radio showdown. The difficult choice between the cute dog and the ‘m’
by John "jaQ" Andrews
We've all gone through
Barreling down the
highway, one hand on the wheel, one hand on the SCAN button of the
radio, searching desperately for music that doesn't make you want to
drive off the shoulder. You finally find your favorite song, halfway
through but blaring boldly, urging you to croon along. Just as you're
ready to belt out the chorus, the radio gets all fuzz fuzz on you, some
other station on the same frequency starts cutting in and all of a
sudden you're hearing Britney begging you to hit her one more time and
you really, really want to.
Nothing beats local
radio for relevant news and the occasional area band, but media company
conglomeration is making it harder and harder to find truly unique
programming. Add in the range limitations of traditional radio towers
and it's easy to see why satellite radio has been gaining prominence
Satellite radio works
on the same basic principle as satellite television. Content is beamed
up to satellites in Earth orbit, which beam it back to a wide area down
here on terra firma. People with a subscription and receiving hardware
can decode the signal and listen to all the programming offered no
matter where they are in the contiguous United States.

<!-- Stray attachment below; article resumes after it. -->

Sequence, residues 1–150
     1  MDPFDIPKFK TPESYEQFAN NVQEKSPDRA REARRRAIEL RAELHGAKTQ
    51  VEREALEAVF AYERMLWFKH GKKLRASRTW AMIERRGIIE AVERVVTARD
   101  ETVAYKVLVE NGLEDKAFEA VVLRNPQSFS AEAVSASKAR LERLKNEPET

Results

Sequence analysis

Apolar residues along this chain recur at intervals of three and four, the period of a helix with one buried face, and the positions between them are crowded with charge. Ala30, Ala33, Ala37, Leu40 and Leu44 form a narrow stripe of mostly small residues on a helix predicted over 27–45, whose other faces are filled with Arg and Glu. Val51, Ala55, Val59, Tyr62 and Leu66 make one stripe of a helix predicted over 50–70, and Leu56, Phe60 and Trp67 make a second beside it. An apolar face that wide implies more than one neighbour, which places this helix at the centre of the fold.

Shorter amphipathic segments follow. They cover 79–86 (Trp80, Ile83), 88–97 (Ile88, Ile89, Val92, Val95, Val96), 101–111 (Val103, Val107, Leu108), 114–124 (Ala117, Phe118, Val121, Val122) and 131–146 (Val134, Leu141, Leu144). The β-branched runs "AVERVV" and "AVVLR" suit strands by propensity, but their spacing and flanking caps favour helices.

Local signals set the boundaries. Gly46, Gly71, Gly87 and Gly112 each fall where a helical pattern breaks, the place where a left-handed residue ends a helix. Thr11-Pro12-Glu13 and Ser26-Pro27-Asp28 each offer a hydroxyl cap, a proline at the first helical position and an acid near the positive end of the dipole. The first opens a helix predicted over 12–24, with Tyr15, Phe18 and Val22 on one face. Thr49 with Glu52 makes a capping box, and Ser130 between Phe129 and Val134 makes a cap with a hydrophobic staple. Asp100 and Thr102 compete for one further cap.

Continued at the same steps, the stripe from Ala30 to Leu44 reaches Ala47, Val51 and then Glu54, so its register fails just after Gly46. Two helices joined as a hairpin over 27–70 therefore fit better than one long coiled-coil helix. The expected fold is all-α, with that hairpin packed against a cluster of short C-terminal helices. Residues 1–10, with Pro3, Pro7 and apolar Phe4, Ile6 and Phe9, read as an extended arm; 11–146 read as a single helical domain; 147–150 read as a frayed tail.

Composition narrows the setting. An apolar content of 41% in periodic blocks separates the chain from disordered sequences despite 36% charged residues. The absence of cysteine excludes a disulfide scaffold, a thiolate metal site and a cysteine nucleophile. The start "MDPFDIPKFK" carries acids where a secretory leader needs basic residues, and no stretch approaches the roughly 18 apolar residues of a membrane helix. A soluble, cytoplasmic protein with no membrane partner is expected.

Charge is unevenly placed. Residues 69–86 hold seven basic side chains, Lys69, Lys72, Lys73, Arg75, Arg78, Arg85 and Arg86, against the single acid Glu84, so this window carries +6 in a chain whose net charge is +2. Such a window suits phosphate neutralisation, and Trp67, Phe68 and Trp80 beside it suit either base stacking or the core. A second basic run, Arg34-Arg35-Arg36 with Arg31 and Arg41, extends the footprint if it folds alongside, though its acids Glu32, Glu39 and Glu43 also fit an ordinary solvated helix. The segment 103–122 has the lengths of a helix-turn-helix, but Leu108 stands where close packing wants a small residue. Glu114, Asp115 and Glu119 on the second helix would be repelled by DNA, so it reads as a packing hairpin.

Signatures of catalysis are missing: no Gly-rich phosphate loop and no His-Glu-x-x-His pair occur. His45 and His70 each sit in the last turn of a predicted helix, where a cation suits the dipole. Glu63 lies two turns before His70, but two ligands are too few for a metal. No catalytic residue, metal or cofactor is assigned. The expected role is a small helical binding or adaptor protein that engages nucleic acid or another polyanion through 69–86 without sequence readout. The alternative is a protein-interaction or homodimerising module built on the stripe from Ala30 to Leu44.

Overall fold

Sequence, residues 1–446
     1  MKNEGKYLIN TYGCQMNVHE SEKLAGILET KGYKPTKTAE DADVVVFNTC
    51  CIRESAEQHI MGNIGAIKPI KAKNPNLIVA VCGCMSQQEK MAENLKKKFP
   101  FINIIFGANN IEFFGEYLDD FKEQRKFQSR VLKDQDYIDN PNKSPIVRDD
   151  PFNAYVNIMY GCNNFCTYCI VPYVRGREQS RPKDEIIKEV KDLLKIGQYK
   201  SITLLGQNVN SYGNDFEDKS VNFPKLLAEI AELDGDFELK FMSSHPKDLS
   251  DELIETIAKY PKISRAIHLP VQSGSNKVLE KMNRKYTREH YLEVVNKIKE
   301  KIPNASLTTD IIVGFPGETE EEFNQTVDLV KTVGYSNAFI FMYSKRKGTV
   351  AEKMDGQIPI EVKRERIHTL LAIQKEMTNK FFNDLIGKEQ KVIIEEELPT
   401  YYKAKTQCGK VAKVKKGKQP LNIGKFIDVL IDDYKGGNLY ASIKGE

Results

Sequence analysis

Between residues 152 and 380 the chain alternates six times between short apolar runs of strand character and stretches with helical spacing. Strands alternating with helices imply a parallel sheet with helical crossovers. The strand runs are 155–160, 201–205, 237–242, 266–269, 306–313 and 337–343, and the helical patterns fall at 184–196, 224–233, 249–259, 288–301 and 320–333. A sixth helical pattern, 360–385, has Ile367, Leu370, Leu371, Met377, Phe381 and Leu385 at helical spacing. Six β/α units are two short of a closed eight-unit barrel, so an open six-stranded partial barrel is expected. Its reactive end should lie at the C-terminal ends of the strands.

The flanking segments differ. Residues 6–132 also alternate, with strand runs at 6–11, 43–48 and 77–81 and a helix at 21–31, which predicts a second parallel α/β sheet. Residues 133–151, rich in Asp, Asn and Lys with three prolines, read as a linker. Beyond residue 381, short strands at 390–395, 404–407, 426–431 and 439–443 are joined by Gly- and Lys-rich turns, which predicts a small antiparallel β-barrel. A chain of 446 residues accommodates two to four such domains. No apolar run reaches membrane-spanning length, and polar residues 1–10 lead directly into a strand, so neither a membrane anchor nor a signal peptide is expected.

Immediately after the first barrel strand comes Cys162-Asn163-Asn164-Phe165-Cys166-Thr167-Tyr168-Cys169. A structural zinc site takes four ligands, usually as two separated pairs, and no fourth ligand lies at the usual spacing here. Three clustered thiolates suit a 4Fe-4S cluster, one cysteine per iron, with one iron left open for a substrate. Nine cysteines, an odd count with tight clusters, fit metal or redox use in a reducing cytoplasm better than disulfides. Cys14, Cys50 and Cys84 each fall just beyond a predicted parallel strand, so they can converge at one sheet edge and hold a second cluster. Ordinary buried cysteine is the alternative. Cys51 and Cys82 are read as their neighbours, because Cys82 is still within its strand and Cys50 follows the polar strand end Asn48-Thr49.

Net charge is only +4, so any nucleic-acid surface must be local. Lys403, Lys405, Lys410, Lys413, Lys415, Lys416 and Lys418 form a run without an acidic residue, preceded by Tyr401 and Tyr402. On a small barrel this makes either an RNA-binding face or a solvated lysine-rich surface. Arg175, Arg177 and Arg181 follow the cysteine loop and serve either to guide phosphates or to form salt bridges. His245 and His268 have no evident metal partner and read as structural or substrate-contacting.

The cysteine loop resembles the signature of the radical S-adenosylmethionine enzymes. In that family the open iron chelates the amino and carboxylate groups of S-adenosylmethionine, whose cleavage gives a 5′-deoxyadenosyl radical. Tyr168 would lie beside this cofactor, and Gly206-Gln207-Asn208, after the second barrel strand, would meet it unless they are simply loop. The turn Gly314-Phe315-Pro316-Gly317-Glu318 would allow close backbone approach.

The biggest decision is
figuring out which provider to go with, Sirius or XM. On one hand, XM
sounds like AM and FM, so it fits neatly into even the biggest
technophobe's worldview. On the other hand, Sirius has a cute little dog
for its logo.
Maybe some more
objective criteria are in order.
XM offers more than 150
channels, 67 of which are commercial-free music.
Different channels are
dedicated to jazz, Christian, Latin, classical and rock styles, among
others. Sports fans get Major League Baseball, NASCAR and college
football and basketball channels, while talk radio listeners can browse
the gamut from Bob Edwards to Opie & Anthony.
Sirius has more than
120 channels, with 65 commercial-free music stations. You get a similar
variety of music choices, but specific shows differ. Sirius snatched up
NFL, NBA and NHL licenses as well as NCAA basketball, horse racing,
English soccer and college sports. Martha Stewart and Howard Stern are
arguably the biggest stars on Sirius, though neither has quite started
broadcasting yet. Other notable voices include Bill Bradley and Jim
Breuer, along with Catholic and GLBT stations coexisting side by side.
Both services report on
traffic and weather in major metropolitan markets. XM has a dedicated
channel for each of 21 markets, while Sirius has 20 markets sharing a
XM and Sirius are
remarkably similar here. Both have a base price of $12.95 a month for
one receiver, with additional receivers under the same subscription
costing $6.99 a month. Both also offer a discount when you pre-pay for a
year or more; Sirius gives you lifetime service for $500. Business
subscriptions start at about $25 a month.
This really should be
your last consideration as, again, the offerings are remarkably similar.
Car, home and portable units are available for XM and Sirius services,
with boom box and stereo hookup accessories. Prices can fluctuate, but
similar units are similarly priced between the two companies.
It ends up being pretty
much a draw when choosing between XM and Sirius. Your best bet is to
look for the specific programming you're interested in and go with that
John Andrews, also
known as jaQ, is not only a technical wiz but he also writes and sings
his own songs. Each week in Hippo he examines some facet of the
gadget/techie world and offers his advice for how to get the most
technology bang for your buck. Have questions for jaQ? E-mail him at